They preach to the rest of us from their lofty perch, he in his victimhood, she in Givenchy. One of her dresses alone costs more than many a worker's annual pay.
More, indeed, than a Cambridge scholarship.
Surely, you can see why that might anger ordinary working punters who pick up the tab?
Bigotry takes many forms. (You'll know that. You've previously apologised for those shocking homophobic tweets you posted when you were much younger).
But it is not bigotry or racism to point up that many people might see more pressing need for taxpayer funding than a couple of entitled multi millionaires.
So, my advice...
Save your breath, your energy and your sympathy, Stormzy, for those who truly are disadvantaged.
Not a great week for Donald Trump, only the third president in American history to face impeachment.
Evidence is stacking up against him. But nothing that Mr "It's all a witch-hunt" Trump won't be able to spin in his own inimitable fashion. And the Republican Senate will mostly be on his side.
For the Democrats, his trial in an election year was a wish come true.
But what if it makes Trump a martyr to his fans? As they say - be careful what you wish for.
My friend, and one of my personal heroes, Fr Brian D'Arcy, was presented with his OBE this week.
He received the award for his services to cross-community relations from Prince William. And even amid the formality at the Palace, he was thinking of others.
Fr Brian, told the prince he was praying for his family. I'm not a big one for religion, or prayer.
But I recognise a typically kind gesture from a good man. And Fr Brian D'Arcy OBE is one of the best.
For me, the most glorious moment during the Stormont back-to-work Press conference was when journalist Ralph Hewitt, from this paper, inquired of the PM whether his visit here was just a publicity stunt and photo opportunity.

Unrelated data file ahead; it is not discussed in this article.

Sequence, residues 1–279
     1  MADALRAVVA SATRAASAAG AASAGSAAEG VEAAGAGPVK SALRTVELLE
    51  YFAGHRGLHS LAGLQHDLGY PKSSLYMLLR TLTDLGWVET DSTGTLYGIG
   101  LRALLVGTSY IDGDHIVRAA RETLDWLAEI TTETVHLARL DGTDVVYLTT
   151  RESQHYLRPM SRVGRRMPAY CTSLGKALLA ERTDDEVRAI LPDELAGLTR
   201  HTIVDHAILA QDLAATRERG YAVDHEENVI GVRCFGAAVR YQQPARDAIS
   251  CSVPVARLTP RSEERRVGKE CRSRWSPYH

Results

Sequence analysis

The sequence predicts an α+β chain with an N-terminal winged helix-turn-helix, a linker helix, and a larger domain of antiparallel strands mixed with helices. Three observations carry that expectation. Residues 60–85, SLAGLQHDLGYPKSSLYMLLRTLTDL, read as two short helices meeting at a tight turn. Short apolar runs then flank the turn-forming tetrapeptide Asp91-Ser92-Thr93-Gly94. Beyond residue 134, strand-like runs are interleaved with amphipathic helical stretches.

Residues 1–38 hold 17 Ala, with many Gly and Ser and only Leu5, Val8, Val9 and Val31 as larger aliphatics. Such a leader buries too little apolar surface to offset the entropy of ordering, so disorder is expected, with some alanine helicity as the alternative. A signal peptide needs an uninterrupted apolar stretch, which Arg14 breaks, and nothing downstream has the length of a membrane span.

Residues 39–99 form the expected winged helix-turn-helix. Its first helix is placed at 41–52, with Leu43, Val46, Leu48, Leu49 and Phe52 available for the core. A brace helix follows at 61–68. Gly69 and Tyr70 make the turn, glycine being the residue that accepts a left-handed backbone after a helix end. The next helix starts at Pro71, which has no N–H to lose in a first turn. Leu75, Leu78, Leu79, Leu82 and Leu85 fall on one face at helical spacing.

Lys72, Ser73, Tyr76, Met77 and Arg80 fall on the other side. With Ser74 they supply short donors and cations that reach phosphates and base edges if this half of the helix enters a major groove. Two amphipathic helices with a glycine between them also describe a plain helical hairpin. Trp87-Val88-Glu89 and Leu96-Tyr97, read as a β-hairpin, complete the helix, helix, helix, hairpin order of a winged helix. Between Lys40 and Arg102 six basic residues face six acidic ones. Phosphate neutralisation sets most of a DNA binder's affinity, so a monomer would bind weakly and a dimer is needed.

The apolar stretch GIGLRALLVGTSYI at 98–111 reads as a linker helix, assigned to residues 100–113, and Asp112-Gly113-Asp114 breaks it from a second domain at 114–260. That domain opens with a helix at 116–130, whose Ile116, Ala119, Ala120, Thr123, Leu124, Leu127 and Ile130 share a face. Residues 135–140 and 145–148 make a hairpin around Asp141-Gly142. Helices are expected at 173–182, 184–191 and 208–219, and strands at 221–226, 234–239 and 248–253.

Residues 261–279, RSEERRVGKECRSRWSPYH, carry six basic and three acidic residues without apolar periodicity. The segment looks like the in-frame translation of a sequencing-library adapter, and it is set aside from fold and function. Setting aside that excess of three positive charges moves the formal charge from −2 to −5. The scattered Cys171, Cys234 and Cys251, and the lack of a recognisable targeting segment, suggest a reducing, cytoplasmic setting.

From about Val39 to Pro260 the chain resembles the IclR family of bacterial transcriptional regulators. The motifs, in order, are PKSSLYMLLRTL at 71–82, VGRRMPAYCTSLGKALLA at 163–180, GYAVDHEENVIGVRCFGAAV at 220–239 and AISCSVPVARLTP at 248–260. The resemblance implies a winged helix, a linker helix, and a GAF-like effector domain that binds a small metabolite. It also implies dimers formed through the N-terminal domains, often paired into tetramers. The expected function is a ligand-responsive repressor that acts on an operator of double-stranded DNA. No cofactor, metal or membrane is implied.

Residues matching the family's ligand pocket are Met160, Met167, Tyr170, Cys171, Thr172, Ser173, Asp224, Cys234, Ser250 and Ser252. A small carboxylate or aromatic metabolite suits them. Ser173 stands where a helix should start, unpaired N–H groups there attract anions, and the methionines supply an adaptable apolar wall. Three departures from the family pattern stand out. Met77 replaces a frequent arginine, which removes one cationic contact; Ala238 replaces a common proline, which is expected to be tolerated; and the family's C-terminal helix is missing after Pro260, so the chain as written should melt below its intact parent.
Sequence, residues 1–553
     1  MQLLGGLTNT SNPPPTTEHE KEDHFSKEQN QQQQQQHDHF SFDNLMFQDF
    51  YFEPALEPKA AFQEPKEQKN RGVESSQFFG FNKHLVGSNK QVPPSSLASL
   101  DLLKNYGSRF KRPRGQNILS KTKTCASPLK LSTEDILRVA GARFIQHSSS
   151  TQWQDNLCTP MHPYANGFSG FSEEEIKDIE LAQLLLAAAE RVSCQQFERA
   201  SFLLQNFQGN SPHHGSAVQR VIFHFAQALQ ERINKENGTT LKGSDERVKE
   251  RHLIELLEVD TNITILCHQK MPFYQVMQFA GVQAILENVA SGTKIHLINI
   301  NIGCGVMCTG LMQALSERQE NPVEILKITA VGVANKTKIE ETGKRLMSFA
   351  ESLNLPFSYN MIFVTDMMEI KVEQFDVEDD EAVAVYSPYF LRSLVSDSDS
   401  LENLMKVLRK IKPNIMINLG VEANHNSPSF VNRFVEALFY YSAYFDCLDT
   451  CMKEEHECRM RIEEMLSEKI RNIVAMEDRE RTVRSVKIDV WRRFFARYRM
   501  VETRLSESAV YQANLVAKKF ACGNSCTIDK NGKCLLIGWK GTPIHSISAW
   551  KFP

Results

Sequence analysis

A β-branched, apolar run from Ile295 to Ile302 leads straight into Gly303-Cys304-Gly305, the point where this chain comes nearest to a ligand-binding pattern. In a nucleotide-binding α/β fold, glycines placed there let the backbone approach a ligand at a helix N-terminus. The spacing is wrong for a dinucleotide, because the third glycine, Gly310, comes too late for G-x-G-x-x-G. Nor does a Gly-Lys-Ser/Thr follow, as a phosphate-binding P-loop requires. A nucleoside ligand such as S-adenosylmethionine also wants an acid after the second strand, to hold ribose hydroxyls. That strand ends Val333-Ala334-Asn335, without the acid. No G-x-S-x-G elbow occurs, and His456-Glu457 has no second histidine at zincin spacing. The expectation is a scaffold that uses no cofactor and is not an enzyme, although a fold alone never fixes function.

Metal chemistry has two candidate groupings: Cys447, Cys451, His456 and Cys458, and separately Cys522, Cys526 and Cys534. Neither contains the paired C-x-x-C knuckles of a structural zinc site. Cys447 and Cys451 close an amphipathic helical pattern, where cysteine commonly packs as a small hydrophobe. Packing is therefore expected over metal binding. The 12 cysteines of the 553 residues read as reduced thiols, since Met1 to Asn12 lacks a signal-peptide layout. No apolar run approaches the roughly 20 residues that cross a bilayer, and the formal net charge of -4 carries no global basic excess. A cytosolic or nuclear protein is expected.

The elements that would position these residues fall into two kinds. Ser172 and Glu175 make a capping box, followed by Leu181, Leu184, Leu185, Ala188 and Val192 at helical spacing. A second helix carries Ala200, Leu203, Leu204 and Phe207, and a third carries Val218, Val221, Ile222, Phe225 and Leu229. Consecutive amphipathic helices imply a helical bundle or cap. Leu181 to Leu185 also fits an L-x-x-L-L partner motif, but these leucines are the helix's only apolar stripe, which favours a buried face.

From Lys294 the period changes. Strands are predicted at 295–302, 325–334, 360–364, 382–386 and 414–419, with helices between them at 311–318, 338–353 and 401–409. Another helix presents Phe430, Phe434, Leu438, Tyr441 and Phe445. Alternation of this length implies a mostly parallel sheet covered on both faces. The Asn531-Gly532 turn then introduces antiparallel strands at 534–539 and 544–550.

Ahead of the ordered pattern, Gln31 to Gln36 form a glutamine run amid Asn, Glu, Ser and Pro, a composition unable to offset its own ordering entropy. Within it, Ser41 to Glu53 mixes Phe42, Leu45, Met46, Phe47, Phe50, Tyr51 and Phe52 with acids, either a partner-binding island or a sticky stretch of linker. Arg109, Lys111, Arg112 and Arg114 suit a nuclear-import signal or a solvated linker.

The look on Boris' face!
For a second or two, he burbled on about that being a bit harsh from the Belfast Telegraph, before returning to his standard Stormont spiel about goodwill and compromise and the hand of the future etc, etc.
What was great about the question was that it summed up precisely what the rest of us were thinking.
Politicians, in general, don't like being asked those sort of questions. The blunt ones that make them squirm.
Boris, in relaunching the Assembly at Stormont, was quick off the blocks to praise our local lot for "stepping up to the plate".
That would be the same plate they, inexcusably, avoided for so very long. And now - one hopes refreshed from their three-year furlough - they're finally back at their work.
Boris, meanwhile, is back at his work. Campaigning all week over that most important issue - whether Big Ben should bong to signal Official Brexit on January 31.
A publicity stunt? A photo opportunity?
Surely not, Boris.
Contrary to what Mr Johnson suggested in his upbeat message at Stormont, our politicians didn't step up - they let us down. All of them.
So, in future, when they signal their commitment to the electorate, we could be forgiven for being a bit more sceptical, a bit more blunt and to the point in our questioning of their motives.
A bit more Ralph.